DSM's Stanyl Diablo PA46 delivers performance on the world's first high-heat plastic air intake manifold with integrated charge air cooler
|Royal DSM, the global Life Sciences and Materials Sciences company, announces another major step forward in the use of thermoplastics in automotive high-heat zones. A recently-introduced hybrid sports car features the world's first high-heat plastic air intake manifold (AIM) with integrated charge air cooler (CAC) in Stanyl® Diablo, DSM's high temperature resistant polyamide 46.
The injection molded manifold operates at 220ºC and withstands pulses of high internal pressure. DSM worked closely together with a leading system supplier to develop the AIM/CAC combination, with DSM providing extensive development and processing support. The part is made in Stanyl Diablo OCD2100, which contains 40% glass fiber reinforcement as well as a specially developed and patented heat stabilizer. This grade has a continuous-use temperature of 220ºC and is able to withstand peak temperatures up to 250ºC.
The car incorporates a host of cutting-edge technologies that give it the performance of a top-level sports car but a carbon footprint lower than that of a compact city car. This is mainly thanks to its hybrid synchronous electric motor combined with a powerful turbocharged 1.5-L petrol engine.
The engine makes use of an extremely high turbo pressure that results in a very high internal air temperature. To cool down the air stream, the engine developer has made use of one of the latest developments in turbo charging systems: a liquid cooled charge air cooler (CAC) which is integrated into the air intake manifold and delivers higher efficiency than an equivalent air-to-air cooler.
Integrating the CAC into the AIM reduces the air duct length and improves engine responsiveness. This makes it possible to deliver higher performance while still meeting the latest gas emission requirements. However, integrating the cooler into the AIM drives the internal air temperature up to 220ºC in continuous use, with peaks up to 250ºC. This increase in pressure and temperature puts additional demands on the manifold material.
Integrated high temperature AIM/CACs have been produced before, but they have typically incorporated metal components for the manifold. The car maker wanted a plastics solution in order to minimize weight and maximize the design flexibility to enable a highly functional assembly to fit into a small space.
Stanyl Diablo polyamide 46 provides a weight reduction of up to 40% versus aluminum, and its optimized processing characteristics reduce system cost. It combines very good mechanical performance with outstanding high temperature resistance, retaining its high stiffness even under continuous-use temperatures of up to 220ºC.
The AIM/CAC is assembled from several moldings using hot gas welding. Thanks to Stanyl Diablo's best-in-class weld strength, the assembly is highly resistant to pressure pulsation loads. In addition, parts show good dimensional stability, and Stanyl Diablo OCD2100 produces parts with good surface finish, despite the high level of glass reinforcement.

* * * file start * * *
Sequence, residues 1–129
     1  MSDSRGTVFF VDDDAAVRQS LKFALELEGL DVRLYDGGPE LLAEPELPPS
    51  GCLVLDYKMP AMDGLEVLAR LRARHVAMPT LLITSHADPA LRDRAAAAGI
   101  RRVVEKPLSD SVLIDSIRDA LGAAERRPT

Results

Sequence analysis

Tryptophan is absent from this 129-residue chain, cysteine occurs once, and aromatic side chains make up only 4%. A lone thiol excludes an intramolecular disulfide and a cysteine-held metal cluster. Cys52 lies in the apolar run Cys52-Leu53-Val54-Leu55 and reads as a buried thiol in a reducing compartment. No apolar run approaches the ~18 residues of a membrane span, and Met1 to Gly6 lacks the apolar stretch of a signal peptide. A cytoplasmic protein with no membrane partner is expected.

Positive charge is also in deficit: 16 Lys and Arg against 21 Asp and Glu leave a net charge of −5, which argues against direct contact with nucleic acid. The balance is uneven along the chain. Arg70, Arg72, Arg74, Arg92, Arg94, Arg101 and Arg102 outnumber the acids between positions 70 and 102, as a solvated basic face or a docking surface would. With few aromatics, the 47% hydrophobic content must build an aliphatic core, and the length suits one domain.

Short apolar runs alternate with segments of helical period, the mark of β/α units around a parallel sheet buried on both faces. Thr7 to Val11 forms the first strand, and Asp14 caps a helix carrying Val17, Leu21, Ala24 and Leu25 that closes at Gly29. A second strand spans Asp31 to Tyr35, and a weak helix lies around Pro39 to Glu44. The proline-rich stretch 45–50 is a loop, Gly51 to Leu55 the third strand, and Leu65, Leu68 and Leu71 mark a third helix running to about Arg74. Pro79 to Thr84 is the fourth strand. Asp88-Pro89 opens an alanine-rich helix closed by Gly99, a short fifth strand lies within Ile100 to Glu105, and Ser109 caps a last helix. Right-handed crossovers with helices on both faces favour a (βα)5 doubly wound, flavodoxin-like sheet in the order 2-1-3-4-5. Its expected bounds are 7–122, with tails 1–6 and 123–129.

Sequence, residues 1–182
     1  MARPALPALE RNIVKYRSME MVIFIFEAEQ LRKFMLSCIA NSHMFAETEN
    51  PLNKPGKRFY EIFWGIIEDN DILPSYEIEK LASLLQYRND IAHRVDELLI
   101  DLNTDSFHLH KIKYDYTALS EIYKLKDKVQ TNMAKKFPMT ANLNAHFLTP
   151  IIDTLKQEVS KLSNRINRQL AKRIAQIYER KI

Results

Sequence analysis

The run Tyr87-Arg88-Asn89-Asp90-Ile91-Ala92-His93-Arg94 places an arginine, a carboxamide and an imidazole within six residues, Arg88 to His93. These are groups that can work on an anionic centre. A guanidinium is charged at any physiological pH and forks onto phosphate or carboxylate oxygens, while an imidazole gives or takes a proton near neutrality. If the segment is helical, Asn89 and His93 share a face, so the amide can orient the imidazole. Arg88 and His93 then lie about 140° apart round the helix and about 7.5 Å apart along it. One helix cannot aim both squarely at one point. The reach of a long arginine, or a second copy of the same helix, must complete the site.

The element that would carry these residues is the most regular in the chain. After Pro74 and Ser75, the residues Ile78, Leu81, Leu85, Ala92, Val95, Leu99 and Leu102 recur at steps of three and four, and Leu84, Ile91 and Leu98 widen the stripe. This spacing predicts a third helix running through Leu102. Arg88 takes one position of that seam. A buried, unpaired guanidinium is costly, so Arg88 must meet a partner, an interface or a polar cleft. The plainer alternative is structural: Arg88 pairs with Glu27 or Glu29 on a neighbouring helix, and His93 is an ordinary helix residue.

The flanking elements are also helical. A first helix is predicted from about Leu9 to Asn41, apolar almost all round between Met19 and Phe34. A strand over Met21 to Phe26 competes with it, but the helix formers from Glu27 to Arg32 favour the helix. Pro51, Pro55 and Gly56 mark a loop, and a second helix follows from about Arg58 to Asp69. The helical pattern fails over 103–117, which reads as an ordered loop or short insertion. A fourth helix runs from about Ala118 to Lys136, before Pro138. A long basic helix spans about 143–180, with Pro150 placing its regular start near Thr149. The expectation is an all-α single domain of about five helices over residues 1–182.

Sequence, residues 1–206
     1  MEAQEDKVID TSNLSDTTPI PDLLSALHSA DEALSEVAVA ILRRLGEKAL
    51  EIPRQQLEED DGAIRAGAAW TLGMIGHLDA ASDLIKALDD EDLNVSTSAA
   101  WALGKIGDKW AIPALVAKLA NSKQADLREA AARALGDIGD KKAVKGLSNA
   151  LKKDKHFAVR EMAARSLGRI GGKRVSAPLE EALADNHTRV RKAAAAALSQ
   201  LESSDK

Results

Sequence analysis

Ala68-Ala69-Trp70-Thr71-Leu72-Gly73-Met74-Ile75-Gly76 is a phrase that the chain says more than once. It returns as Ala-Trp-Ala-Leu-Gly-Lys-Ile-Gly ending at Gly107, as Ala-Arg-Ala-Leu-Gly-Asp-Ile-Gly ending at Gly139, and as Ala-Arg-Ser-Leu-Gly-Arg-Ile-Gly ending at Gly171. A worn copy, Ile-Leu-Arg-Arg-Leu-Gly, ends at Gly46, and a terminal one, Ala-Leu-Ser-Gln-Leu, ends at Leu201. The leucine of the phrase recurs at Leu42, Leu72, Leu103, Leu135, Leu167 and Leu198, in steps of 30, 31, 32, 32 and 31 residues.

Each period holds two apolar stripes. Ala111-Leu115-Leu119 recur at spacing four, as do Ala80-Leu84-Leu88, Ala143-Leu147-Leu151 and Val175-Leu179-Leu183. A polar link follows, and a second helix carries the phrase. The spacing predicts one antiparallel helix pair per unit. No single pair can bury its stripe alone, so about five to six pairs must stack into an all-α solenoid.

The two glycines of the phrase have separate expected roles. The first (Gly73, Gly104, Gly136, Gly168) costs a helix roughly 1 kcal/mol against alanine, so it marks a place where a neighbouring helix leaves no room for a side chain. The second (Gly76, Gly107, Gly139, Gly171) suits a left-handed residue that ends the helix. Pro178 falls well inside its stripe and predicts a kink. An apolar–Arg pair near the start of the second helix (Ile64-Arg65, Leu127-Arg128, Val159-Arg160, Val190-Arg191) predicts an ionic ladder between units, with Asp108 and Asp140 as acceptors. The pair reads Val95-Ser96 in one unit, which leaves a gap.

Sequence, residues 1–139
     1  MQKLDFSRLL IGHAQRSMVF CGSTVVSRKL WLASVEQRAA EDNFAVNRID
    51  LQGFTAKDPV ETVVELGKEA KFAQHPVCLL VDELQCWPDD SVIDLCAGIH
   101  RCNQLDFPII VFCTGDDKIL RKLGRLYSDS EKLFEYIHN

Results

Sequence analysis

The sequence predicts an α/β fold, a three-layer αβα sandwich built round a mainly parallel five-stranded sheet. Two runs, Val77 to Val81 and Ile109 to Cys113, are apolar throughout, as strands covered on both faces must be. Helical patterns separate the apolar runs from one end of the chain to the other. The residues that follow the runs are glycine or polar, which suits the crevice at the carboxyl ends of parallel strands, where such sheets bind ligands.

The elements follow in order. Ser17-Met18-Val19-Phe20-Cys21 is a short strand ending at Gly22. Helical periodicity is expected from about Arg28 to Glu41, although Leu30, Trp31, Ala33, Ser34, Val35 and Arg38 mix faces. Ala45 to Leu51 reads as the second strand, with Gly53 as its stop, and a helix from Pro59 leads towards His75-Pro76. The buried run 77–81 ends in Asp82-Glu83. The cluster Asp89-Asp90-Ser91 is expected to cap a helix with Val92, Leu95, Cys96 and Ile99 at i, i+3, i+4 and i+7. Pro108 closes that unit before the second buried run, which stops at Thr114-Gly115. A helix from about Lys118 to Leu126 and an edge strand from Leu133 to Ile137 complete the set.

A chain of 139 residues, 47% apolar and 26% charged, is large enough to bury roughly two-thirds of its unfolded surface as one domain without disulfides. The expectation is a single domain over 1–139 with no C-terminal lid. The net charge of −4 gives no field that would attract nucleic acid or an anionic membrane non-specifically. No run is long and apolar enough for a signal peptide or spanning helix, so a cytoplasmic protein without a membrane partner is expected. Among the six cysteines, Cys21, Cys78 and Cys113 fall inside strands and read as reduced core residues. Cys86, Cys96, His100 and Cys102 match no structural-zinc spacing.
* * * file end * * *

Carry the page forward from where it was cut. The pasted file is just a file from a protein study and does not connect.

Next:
"With national laws everywhere clamping down on engine emissions, and car makers focusing more and more on energy efficiency, we expect the use of plastics air intake manifolds with integrated charge air coolers to increase globally," says Kurt Maschke, Global Segment Manager Air/Fuel, at DSM. "Stanyl Diablo OCD2100 out-performed the competition in this project, with its combination of high temperature resistance and weld line performance after aging. DSM can expect strong business with this material in that type of application in the future."
Maschke continues: "With the latest generation of engines, it's a tough challenge to create air management systems that combine long-term high performance with low weight and top environmental credentials. So I am really happy that, thanks to Stanyl Diablo, we have been able to achieve the challenging targets together with our customer."
DSM is a leader in the development of high temperature resistant thermoplastics for automotive engines. Diablo technology, developed and patented by DSM, improves the long term temperature resistance of materials such as Stanyl polyamide that already have better high temperature performance than standard polyamides; and DSM is also using it to upgrade performance in its Akulon polyamide 6. DSM licenses Diablo technology to other high temperature thermoplastics suppliers too.
DSM regards this ground-breaking AIM/CAC - with its ability to cut car weight, improve performance and reduce environmental emissions - as an outstanding example of its "Bright Science for Brighter Living" philosophy. It says it will continue developing high performance materials for air and fuel systems in close cooperation with its customers. DSM expects temperature requirements in engine compartments to continue to increase, and believes it is possible to further improve its already outstanding technologies.
More information can be found at www.dsm.com/aim.